The above paragraph encapsulates the driving thesis of one of the most intellectually stimulating and emotional riveting books that I have ever had the great fortune to read: The Half Has Never Been told: Slavery and the Making of American Capitalism (Basic Books, 2114). It is easier for me to conceptualize his thesis as two separate, arguments, but, in their real world operation, they are inextricably intertwined. The first is the inescapable conclusion that the Plantation Economy was the engine that drove the nation's industrialization, financialization, and modernization. The Civil War, in his interpretation was not a clash between two incompatible paradigms, but rather a quarrel over how the proceeds should be apportioned, and whether the Plantation Economy, with its total reliance on slave labor, would be allowed to expand farther into the new western territories. The second is that slave labor was not an aberration in a modernizing world, but a dynamic and expanding component, precisely because it was more "efficient" than free labor. That assumes, of course, that you did not need your workforce to function as consumers, as well as producers. He argues that, in the one instance when planters from the North tried to pay free labor a fair wage on the Carolina Sea Islands, "half the cotton was rotting in the fields--cotton that could have been picked only at whip-driven speed."  The same held true when masters tried to utilize laborers from the cotton fields on  the factory floor. It was also true if you did not scruple about subjecting your workforce to beatings, torture, maiming, mutilation, and homicide. The minions of the "lords of the lash" would always have bested those of the "lords of the loom."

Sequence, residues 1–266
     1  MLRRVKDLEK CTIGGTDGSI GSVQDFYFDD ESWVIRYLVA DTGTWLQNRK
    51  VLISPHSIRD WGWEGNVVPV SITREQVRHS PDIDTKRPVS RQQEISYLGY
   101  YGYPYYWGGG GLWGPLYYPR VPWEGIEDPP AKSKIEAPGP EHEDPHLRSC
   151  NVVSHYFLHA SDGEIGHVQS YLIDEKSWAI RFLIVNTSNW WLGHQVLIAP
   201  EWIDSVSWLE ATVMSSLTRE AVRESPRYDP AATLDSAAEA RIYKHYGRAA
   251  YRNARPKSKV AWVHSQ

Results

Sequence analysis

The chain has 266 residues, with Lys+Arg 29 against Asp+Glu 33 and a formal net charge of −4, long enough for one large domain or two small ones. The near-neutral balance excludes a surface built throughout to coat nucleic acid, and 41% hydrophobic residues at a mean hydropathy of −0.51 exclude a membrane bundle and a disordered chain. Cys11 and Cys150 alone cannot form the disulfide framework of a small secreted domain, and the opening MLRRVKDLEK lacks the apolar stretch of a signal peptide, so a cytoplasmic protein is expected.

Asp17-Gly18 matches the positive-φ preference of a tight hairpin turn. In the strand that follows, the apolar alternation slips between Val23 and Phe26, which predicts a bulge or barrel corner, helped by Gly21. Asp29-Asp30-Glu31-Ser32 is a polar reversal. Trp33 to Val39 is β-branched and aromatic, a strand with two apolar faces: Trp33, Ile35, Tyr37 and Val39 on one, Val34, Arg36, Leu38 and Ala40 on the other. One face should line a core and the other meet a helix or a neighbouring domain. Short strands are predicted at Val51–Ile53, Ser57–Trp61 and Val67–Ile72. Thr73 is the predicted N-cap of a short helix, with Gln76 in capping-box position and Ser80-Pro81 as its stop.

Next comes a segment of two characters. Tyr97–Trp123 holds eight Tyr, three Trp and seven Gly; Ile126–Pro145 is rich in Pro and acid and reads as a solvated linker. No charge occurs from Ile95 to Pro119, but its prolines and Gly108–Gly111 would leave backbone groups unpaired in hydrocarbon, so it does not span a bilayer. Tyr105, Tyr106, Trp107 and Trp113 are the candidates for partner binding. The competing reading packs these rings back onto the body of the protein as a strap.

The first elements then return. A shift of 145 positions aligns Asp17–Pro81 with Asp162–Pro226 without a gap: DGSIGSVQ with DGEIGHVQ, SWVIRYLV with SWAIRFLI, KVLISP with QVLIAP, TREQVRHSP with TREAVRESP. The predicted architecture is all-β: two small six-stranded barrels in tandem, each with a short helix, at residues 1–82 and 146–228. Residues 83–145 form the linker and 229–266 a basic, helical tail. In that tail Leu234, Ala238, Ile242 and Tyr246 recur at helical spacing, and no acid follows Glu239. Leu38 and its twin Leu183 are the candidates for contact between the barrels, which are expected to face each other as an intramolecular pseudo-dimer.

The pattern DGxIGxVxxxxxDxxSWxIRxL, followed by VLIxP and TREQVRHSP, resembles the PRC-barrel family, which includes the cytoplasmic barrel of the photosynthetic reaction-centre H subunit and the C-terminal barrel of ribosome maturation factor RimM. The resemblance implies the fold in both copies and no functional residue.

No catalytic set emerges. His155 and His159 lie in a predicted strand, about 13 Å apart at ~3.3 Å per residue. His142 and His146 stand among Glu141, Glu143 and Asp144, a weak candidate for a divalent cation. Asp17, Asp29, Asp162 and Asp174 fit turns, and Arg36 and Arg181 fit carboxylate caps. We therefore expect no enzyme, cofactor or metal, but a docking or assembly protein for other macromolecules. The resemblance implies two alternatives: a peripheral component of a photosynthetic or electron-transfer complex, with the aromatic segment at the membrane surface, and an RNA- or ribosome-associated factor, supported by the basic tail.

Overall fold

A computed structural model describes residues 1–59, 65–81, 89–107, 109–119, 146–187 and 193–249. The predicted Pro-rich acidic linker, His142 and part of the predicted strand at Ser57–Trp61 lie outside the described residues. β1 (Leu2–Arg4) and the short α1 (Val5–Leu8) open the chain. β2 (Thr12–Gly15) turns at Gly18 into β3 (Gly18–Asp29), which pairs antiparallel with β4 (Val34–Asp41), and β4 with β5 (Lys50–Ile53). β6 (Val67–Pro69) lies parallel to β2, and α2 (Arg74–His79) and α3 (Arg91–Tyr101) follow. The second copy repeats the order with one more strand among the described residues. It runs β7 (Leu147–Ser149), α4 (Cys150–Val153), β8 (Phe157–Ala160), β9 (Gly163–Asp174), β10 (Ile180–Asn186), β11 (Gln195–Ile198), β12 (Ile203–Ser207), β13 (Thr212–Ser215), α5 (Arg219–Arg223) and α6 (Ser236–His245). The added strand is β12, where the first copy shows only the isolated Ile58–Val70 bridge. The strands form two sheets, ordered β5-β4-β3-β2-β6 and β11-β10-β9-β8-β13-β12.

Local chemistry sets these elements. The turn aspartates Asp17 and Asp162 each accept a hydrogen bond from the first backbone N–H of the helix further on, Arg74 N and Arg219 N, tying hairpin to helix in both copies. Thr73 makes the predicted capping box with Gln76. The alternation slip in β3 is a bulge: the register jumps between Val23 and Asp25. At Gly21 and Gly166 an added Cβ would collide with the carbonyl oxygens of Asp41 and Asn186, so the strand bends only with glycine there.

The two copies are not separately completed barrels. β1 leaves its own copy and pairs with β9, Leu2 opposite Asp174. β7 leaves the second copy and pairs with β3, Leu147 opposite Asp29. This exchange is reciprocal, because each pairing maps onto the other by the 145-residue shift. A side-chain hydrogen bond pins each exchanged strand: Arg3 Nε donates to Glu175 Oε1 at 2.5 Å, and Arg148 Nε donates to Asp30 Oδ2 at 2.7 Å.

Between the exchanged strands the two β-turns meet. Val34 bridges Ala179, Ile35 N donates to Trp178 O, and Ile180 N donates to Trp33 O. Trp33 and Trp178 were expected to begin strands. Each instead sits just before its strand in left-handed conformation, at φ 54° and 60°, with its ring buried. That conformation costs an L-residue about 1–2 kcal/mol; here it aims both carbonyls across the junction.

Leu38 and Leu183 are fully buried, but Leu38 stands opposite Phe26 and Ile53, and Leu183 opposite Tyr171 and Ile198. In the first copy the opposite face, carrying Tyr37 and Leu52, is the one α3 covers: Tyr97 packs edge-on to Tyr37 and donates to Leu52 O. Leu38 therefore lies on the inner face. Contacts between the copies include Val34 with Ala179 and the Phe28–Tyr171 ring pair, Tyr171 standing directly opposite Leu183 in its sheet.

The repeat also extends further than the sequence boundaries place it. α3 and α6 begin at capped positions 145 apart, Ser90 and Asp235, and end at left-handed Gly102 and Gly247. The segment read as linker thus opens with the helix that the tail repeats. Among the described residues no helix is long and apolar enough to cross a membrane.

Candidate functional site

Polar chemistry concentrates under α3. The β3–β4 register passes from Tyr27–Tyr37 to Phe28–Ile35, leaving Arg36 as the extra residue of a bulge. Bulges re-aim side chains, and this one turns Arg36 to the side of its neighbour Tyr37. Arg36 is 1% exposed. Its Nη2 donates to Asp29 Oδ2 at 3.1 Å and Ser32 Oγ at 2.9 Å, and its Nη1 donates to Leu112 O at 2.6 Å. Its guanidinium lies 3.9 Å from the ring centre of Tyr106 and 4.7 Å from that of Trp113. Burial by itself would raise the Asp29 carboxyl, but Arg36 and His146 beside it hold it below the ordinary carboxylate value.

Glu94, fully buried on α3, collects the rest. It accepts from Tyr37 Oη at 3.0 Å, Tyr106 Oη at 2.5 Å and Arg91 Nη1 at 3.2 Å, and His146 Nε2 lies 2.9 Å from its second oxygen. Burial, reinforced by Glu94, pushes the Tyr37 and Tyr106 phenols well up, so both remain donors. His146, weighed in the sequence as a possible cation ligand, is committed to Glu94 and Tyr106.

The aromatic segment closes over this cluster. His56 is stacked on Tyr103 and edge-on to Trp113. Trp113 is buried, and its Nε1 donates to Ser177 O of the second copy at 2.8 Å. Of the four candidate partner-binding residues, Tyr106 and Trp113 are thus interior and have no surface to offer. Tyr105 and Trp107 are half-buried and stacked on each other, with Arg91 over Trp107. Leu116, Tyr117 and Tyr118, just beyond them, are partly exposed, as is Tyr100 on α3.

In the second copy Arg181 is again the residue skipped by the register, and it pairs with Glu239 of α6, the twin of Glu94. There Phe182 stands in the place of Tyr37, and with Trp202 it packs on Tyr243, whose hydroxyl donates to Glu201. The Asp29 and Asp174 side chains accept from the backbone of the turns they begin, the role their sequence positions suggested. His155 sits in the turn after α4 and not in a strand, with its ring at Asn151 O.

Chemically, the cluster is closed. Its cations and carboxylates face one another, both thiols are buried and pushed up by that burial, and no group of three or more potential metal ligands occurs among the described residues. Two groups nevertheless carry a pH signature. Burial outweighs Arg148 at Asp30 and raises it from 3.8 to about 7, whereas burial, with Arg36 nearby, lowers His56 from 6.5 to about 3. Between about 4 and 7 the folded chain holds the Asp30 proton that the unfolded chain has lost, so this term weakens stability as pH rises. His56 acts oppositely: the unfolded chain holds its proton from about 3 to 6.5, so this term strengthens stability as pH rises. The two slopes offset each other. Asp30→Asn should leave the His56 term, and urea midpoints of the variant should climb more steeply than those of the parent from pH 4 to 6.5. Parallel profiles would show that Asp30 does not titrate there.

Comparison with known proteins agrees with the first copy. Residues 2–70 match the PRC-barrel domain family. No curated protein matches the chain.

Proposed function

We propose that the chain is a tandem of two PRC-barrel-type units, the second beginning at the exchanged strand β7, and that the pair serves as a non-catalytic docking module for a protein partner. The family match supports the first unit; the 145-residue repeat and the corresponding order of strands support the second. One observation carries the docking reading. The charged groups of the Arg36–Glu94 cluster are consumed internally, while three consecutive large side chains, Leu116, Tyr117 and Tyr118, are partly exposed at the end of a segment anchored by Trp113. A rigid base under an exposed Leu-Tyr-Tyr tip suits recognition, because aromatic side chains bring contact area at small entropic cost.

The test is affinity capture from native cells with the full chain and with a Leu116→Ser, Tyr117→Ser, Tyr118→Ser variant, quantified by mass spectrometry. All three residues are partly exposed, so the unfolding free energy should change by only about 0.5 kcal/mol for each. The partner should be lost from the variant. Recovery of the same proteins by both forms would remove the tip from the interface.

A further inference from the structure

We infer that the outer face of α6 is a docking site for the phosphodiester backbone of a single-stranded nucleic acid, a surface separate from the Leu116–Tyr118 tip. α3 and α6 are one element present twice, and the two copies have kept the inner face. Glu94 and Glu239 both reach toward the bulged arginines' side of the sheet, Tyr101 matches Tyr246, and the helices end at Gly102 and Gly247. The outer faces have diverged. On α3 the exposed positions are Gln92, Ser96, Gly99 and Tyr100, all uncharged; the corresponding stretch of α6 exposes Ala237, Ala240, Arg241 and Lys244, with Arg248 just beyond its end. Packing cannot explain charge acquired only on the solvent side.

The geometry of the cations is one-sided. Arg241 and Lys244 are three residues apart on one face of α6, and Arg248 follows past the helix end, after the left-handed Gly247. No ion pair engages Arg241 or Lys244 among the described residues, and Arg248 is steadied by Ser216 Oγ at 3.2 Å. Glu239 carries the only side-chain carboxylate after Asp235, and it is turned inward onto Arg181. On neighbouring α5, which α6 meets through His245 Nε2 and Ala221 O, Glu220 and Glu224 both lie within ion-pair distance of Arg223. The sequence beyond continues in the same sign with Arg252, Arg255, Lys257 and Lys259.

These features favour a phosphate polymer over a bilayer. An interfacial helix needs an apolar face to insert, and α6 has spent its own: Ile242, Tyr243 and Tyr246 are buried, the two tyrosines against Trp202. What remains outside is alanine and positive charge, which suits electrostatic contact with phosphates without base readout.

With profound apologies to Professor Baptist, I will endeavor to provide you with an outline and a chronology in which to understand his narrative. Slavery was legal and ubiquitous throughout all 13 colonies at the time of the American Revolution, but it was far more vital in those whose economies were based on growing tobacco--Virginia, the Carolinas, Georgia, Maryland, and Delaware. As the colonies morphed into states and wrote their respective constitutions, each debated the issue of slavery. The other 7--New York, New Jersey, Pennsylvania, Massachusetts, Rhode Island, and New Hampshire--provided for its gradual abolition. In some, the process of emancipation was so "gradual" that they still had elderly slaves living there at the advent of the Civil War. Those who were emancipated were generally sentened to the lowest rungs on the socioeconomic ladder. All of them instituted de facto segregation in employment, housing, education, and politics, which persisted well into the 20th century. A substantial portion of white Northerners experienced measurable increases in the standard of living by investing in cotton--and slaves, all the while chastising Southerners for providing them with the source of their good fortune. The movement to abolish slavery proceeded at a glacial pace, if at all. Both Baptist and historian Ira Berlin insist that such movements "were not the charitable work of respectable white people, or not mainly that." It was, instead, "made possible by the constant discomfort inflicted upon middle-class white society by black activists."